Mapping British Women Writers' Urban Imaginaries offers an important new approach to women's writing and the city. The study provides an alternative to the postmodern tradition of writing about the city by interpreting the spatialized construction of identity in women's urban writing through an integrative framework based on insights from Bachelard's topoanalysis, Jungian psychoanalysis, psychogeography, feminist cultural theory and recent developments in comparative literature and religion. This interpretative framework highlights how women writers' representations of London explode the Enlightenment rationalisation of space, while at the same time challenging the revision of the Enlightenment performed by postmodern scholars. A secondary but related concern regards the potential of city space to become a source of transcendent experiences for city dwellers and generate a sense of belonging to a spiritual community. By exploring texts which have resisted universalizing configurations of urban experience, being consistently informed by an individualised engagement with gender, community and spirituality, this study contributes to a much-needed integrated map of the modern British urban imaginary.Space, Self and Spirituality Arina Cirstea ... (Golden Notebook 7) This statement as well as many of the spatial structures at play in the novel have often been ... Lessing suggests here that one of the key themes of the novel is madness, and that the desperate search for order and ... John Mephama#39;s a#39;The Intellectual as Heroinea#39; (1996), Deborah Martinsona#39;s a#39;Doris Lessinga#39;s The Golden Notebook: aAn anbsp;...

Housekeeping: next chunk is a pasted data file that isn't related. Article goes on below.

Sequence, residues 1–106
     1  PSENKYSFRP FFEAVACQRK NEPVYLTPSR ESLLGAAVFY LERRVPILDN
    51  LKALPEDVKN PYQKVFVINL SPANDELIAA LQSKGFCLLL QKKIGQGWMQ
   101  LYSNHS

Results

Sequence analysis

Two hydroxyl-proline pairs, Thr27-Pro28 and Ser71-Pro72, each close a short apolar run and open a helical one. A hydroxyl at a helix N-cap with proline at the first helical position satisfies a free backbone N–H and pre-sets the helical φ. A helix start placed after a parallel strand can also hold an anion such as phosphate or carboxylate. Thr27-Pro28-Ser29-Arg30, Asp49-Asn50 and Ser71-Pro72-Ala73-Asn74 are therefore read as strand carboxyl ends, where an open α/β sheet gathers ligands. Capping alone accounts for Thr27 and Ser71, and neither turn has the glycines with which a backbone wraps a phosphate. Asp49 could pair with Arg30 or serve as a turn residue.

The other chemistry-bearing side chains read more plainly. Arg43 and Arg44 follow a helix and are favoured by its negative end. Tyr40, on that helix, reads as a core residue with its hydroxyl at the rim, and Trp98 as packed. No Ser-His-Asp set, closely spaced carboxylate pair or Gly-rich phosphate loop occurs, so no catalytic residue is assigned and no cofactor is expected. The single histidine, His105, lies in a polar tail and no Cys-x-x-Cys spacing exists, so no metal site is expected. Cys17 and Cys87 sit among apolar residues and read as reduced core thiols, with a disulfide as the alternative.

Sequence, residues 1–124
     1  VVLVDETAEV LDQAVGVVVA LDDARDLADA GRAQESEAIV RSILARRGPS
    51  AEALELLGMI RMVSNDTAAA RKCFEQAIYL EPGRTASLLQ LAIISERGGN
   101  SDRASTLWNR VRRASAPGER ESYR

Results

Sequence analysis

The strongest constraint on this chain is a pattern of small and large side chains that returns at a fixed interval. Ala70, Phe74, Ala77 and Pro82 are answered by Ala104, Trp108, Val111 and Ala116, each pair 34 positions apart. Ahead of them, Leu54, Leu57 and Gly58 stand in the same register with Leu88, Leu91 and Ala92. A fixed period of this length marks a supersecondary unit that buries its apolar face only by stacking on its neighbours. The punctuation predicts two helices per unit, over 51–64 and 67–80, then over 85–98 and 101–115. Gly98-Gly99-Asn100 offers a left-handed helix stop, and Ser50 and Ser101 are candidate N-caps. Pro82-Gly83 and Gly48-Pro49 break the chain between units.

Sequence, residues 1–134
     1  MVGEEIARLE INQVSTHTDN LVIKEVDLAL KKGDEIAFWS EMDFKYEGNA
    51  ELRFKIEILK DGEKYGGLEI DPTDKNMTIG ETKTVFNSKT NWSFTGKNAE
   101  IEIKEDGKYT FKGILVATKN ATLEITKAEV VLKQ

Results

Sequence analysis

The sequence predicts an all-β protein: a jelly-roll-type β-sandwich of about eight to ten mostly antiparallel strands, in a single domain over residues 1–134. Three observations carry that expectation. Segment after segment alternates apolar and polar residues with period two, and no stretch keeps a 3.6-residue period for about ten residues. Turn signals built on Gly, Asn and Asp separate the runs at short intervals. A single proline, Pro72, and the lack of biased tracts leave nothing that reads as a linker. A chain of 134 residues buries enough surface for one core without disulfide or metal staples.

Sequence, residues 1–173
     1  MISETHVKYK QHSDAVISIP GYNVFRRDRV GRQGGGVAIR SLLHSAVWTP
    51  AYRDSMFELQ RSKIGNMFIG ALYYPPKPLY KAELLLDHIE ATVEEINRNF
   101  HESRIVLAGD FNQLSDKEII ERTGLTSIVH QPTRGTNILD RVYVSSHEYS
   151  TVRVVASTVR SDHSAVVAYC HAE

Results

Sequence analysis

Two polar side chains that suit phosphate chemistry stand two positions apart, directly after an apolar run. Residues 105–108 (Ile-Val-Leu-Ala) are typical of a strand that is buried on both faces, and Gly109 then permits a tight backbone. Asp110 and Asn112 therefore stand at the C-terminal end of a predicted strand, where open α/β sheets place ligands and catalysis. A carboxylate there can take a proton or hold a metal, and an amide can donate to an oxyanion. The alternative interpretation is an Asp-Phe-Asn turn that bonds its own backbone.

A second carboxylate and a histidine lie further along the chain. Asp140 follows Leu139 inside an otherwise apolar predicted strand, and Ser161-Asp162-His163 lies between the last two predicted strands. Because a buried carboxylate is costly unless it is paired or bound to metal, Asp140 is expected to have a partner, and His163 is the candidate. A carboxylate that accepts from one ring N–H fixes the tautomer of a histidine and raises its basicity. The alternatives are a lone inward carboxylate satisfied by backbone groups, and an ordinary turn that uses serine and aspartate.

|Title||:||Mapping British Women Writers’ Urban Imaginaries|
|Publisher||:||Palgrave Macmillan - 2015-10-13|